Do You Need a Root Canal?
No one really enjoys visiting the dentist and when a procedure like a root canal is mentioned it can fill people with a lot more trepidation than usual. In fact, carried out by a professional dentist, a root canal treatment is not as painful as many think and can help save a tooth that has been badly affected by decay.
What is a Root Canal Procedure?
Your tooth is made up of different elements from the hard enamel on the outside to the soft pulp that contains all the nerves and blood vessels at the very centre. When tooth decay gets down to those inner layers, people develop pain and require treatment from a dentist.
- This is a surgical procedure and usually takes place over two or more visits. The work being done aims to clear out the decayed tooth matter and fill it with something else.
- Your dentist will first take x-rays of the tooth so they have a clear idea of the level of decay and the work that needs to be undertaken.
- They will use a local anaesthetic that essentially numbs the tooth and the surrounding gum. If you have lost all sensation in that area because of the decay, an anaesthetic may not be necessary.
- A rubber dam is put around the tooth to protect it and keep it dry while the dentist opens the top part of the tooth, accessing the pulp underneath which will be removed.
- The root canal itself is very narrow but the dentist will clean this out and enlarge it a little before it is left for a while and then filled in.
This process, as you might imagine is very intricate and requires a lot of skill. It may take several visits to work on a tooth as some have more than one root canal. Once the dentist has finished an appointment, they will place a temporary filling over the tooth to protect it. On your next visit, the tooth is opened up again and the canal is filled. Once the cleaning out is completed, the top of the tooth is covered with a normal filling. A crown can then be added to provide further protection.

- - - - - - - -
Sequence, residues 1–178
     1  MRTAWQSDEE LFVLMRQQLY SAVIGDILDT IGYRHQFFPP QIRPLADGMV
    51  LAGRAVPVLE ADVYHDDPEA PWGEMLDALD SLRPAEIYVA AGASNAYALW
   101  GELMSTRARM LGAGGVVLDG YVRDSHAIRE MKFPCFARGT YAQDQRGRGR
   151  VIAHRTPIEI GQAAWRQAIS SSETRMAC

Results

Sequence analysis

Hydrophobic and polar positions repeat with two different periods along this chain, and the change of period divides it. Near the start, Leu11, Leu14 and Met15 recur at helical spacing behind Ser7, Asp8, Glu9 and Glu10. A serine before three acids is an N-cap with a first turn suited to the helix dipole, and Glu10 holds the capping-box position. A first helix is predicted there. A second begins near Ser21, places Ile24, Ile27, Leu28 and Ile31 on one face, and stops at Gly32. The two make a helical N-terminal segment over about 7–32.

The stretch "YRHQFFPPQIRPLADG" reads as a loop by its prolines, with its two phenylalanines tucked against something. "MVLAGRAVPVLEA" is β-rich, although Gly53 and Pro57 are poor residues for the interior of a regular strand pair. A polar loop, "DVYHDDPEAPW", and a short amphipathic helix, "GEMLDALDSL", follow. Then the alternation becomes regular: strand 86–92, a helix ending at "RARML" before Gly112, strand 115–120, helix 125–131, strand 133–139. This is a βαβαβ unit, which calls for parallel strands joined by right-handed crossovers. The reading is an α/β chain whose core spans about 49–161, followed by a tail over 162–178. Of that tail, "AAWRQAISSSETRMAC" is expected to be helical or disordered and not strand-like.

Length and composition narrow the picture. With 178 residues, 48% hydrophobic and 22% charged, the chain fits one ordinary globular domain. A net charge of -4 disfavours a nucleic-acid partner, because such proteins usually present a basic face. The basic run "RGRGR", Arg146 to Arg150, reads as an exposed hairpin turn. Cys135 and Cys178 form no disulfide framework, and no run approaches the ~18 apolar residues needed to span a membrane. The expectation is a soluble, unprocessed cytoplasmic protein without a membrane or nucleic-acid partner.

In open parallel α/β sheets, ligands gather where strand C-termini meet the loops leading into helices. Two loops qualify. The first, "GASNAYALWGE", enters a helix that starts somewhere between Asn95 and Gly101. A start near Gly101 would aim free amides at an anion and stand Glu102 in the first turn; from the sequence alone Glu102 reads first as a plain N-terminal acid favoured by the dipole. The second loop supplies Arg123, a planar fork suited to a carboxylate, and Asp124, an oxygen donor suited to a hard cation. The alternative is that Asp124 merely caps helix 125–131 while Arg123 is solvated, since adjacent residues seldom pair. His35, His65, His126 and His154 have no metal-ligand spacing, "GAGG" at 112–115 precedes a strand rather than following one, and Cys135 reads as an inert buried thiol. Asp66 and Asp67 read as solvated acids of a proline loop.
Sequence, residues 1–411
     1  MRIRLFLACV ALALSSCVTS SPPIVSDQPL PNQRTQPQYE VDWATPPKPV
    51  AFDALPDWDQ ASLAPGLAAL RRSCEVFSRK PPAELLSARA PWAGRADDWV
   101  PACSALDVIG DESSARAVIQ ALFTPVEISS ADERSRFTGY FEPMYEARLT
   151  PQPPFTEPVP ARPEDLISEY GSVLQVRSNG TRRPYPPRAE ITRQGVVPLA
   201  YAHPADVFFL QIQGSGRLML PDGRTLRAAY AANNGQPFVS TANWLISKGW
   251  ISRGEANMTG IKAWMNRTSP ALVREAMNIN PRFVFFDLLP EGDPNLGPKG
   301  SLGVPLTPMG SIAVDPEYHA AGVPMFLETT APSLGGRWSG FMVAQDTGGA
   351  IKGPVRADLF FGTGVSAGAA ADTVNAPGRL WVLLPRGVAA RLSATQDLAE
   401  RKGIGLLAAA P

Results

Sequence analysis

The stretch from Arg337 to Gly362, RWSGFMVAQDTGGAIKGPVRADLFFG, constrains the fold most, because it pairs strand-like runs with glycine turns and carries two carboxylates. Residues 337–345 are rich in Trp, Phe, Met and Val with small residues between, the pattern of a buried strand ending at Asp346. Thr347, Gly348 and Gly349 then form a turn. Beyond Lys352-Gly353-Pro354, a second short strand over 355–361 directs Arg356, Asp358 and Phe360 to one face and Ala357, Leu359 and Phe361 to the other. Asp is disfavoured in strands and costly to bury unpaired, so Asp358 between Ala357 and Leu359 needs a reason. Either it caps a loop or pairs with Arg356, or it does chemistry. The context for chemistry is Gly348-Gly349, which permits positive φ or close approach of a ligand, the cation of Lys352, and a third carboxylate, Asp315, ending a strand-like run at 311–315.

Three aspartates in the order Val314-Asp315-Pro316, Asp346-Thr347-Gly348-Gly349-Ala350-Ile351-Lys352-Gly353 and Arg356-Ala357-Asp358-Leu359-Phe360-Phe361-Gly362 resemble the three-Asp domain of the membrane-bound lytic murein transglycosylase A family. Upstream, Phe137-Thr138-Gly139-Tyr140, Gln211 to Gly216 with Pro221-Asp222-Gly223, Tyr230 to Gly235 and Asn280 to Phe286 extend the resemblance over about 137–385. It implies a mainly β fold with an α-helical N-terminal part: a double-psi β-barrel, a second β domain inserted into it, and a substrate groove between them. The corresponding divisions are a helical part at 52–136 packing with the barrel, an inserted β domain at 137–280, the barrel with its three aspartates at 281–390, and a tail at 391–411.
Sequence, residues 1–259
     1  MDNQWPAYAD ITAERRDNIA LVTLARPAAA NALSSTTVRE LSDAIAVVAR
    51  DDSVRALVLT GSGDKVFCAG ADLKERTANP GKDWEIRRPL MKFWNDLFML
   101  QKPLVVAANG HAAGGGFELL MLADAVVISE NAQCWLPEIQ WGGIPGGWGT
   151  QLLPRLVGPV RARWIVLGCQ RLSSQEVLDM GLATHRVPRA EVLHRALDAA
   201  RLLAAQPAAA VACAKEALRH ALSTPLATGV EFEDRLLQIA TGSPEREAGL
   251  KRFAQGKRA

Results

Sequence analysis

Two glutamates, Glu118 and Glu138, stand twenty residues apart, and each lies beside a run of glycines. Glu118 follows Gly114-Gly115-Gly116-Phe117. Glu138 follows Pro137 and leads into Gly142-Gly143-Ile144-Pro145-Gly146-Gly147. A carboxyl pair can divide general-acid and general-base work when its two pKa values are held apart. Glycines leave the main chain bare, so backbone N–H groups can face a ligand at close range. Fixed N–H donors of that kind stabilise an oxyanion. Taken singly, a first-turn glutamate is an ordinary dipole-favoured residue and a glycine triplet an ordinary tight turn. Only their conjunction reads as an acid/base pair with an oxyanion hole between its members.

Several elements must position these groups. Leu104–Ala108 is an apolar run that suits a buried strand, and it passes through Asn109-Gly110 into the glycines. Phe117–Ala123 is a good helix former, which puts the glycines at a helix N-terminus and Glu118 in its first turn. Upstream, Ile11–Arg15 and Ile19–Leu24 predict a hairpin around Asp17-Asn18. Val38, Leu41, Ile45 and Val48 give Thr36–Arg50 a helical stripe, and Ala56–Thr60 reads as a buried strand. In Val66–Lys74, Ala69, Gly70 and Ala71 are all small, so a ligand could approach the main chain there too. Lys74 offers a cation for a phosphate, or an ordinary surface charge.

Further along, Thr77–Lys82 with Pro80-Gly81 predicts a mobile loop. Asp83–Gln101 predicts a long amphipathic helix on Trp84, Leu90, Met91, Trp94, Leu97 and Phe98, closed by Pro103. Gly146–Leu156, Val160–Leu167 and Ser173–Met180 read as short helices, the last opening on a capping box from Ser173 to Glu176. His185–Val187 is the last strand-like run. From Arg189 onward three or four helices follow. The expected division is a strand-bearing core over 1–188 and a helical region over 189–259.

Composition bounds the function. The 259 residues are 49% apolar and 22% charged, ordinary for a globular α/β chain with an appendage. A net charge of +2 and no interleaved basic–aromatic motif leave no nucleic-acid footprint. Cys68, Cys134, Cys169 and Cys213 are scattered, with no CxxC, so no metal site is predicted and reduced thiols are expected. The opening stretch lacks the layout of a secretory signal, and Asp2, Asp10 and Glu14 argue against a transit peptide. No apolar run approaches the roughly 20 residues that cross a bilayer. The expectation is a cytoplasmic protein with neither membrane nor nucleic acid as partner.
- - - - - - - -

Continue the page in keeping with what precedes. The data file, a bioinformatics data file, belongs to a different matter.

When is Root Canal Work Carried Out?
Root canal work is usually carried out when the decay has reached the inner pulp of the tooth but there is still a chance of saving it. If the damage is too bad and can’t be remedied with root canal work, the dentist will usually look to remove the tooth.
What Can I Expect After Root Canal Work?
While this is a pretty invasive treatment, it’s not as bad as many people think. There can be some pain after the operation but there are a few methods for negating this.
- For most people, it means taking an over-the-counter painkiller like Ibuprofen.
- You’ll probably need to avoid chewing hard foods and anything that puts pressure on the tooth for a few days after the operation is completed.
This is a highly important and common operation that your dentist will often carry out. 90% of people should expect the root canal to keep their tooth safe for at least 8 to 10 years, longer if they practice good dental hygiene and avoid more sugary foods. While there can be some initial pain in the days following the treatment, this is usually quite manageable and fades after a few days to a week.